Cycling: All going wrong for Armstrong

By Alasdair Fotheringham

Whatever else happens in this year's Tour, today's stage and the entire race will be marked by one single, huge factor - the end of the Lance Armstrong era in the most spectacular style possible.

Even Bradley Wiggins' rough ride, losing nearly two minutes on the first Alpine stage of the 2010 Tour on winner Andy Schleck and new race leader Cadel Evans, was overshadowed by Armstrong's worst day in the race in over a decade.

"My Tour is finished," said Armstrong, who holds a record seven Tour victories and is riding in what he says will be his last try in cycling's showcase event - at age 38. He plunged to 39th place overall.

Armstrong said he had a "very, very bad day," but will continue the three-week race that ends July 25 in Paris.

"No tears from me," he said. "I've had a lot of years here where it's been very different, so I'm not going to dwell on today."

Londoner Bradley Wiggins remains in contention - unlike Armstrong - although he was understandably disappointed with a below-expectations performance. "I felt good until the last climb, but I just couldn't hold on a the end there," Wiggins said. "I'm happy to admit I wasn't quite good enough, but there's still a lot of the race left so we'll see what happens."

But, while Wiggins was able to remain upbeat, for Armstrong there are no such causes for optimism. First for seven years running, third in Paris even after his comeback at age 37 - which he may well now be regretting - Armstrong's dramatic sporting collapse began overnight with complaints of a saddle sore.

But, if he started the stage on the back foot, there was another bad omen for the Texan when he fell in a pile-up of around a dozen riders after just eight kilometres, suffering minor injuries.

The RadioShack leader's luck then took a definitive downturn when he crashed a second time at high speed, midway through the stage. Skidding into another rider at 50km/h, he went flying, injuring his back and his saddle being ripped out of his bike.

He was able to continue, his race number in shreds and blood seeping through a big rip on his jersey. But the crash could hardly have come at a worse moment, with the first major climb of the day starting. After five kilometres, the American was in big trouble.

Weaving from one side of the road to another, with three dozen riders still in the main pack, Armstrong was already out the back well before the real battle for supremacy had begun.

Although three RadioShack riders remained with him, with his face grey and drawn and each pedal stroke looking painful, there was little support they could give the American.

On French television, reports from commentators following the American on motorbikes came thick and fast: "Armstrong dropped by [Thomas] Voeckler, Armstrong dropped by Mathew Lloyd" - riders the previously all-conquering American would barely have noticed in the past had they been shed from the bunch.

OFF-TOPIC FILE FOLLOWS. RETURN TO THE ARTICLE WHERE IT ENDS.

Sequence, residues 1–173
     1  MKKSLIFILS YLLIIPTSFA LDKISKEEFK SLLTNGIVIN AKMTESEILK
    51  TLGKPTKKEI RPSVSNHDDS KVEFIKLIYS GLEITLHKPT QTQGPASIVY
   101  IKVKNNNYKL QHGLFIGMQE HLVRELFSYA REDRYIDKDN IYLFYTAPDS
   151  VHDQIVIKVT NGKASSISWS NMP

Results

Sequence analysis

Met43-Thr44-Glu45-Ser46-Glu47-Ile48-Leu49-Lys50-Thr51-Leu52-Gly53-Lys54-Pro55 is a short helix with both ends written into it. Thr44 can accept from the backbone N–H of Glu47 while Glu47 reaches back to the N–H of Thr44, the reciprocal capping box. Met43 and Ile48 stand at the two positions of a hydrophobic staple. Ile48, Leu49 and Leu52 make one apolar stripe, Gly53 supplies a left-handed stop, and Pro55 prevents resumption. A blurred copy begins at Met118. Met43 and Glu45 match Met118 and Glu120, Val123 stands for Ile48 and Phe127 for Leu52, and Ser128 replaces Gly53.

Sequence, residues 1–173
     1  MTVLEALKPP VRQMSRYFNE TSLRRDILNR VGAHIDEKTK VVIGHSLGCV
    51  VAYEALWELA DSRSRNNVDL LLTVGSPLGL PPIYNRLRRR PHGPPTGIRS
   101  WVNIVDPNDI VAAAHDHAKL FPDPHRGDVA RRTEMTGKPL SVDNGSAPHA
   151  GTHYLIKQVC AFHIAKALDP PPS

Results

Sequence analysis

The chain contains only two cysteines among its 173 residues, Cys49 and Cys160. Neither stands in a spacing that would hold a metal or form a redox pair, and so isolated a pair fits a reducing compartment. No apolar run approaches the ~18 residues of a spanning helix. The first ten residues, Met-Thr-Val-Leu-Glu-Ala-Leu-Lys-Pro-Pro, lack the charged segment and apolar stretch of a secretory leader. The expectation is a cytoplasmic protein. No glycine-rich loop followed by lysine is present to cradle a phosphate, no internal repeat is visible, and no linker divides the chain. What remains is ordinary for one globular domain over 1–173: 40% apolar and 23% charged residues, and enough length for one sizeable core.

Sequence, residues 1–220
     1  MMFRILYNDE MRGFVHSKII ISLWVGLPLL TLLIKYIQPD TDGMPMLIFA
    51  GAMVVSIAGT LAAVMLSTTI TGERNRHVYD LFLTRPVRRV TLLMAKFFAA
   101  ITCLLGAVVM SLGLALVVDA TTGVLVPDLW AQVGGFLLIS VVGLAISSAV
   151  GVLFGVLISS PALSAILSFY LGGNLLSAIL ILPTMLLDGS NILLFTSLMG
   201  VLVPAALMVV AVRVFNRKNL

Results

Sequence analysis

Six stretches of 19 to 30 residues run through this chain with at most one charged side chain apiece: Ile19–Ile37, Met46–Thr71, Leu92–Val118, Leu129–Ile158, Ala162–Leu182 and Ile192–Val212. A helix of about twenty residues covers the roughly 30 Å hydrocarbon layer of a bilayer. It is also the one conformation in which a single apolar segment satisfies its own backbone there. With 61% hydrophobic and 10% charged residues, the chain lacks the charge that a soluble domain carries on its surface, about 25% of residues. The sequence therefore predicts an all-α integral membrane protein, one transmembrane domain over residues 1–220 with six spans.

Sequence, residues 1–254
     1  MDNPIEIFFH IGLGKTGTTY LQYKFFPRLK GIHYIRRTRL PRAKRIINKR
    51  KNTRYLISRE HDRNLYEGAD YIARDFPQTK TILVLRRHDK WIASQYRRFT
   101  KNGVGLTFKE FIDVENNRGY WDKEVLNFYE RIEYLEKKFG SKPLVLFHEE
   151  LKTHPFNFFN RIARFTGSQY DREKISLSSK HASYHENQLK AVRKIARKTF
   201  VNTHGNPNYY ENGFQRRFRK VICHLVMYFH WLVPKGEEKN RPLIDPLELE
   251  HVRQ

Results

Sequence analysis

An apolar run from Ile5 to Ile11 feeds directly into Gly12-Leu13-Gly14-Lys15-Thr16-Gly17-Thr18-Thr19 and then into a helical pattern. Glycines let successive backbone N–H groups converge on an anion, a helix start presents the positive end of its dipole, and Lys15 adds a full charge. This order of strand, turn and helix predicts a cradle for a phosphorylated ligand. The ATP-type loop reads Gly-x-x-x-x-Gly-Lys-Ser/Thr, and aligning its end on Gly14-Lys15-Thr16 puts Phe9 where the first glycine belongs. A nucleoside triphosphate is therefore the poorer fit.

Even though the American managed to stay upright when he had a third crash - on the summit of a minor climb preceding the final ascent of a 14km monster, the Col de Morzine-Avoriaz - worse was to come.

On the last climb, overwhelming favourite Alberto Contador instructed his troops to up the pace yet further in a bid to eliminate Armstrong for good, and the knock-out blow proved devastatingly effective.

Barely able to follow his team-mates, suffering in the extreme heat, Armstrong's time loss virtually tripled from four minutes at the foot of Morzine Avoriaz to nearly 12 by the summit, although - image-conscious as ever - he managed to zip up his jersey before crossing the finish line. Such sudden collapses of riders who have dominated stage racing are spectacular, but there is a long tradition of them in the sport.

Eddy Merckx, the greatest pro cyclist of them all, had a similar disaster in 1977 on Alpe D'Huez and Miguel Indurain, a five-time Tour winner, had an equally painfully demise at Les Arcs in 1996. On each occasion, the once-great cyclists never managed to return to their previous lofty heights.

Armstrong was adamant afterwards that he would not be quitting but he is no longer a factor in the battle for yellow.

Even reaching Paris, now, will be a major achievement for the American, forced, for the first time since 1999, to admit that cycling has moved on without him.

Tour de France 8th stage standings:

1. Andy Schleck (LUX/SAX) 4hr 54min 11sec
2. Samuel Sanchez (ESP/EUS)
3. Robert Gesink (NED/RAB)
4. Roman Kreuziger (CZE/LIQ)
5. Alberto Contador (ESP/AST)
6. Cadel Evans (AUS/BMC)
7. Jurgen Van den Broeck (BEL/OLO)
8. Levi Leipheimer (USA/RSH)
9. Ivan Basso (ITA/LIQ)
10. Denis Menchov (RUS/RAB).

Also of note:

61. Lance Armstrong (USA/RSH) 11:45.
156. JULIAN DEAN (NZL/GRM) 31:43.

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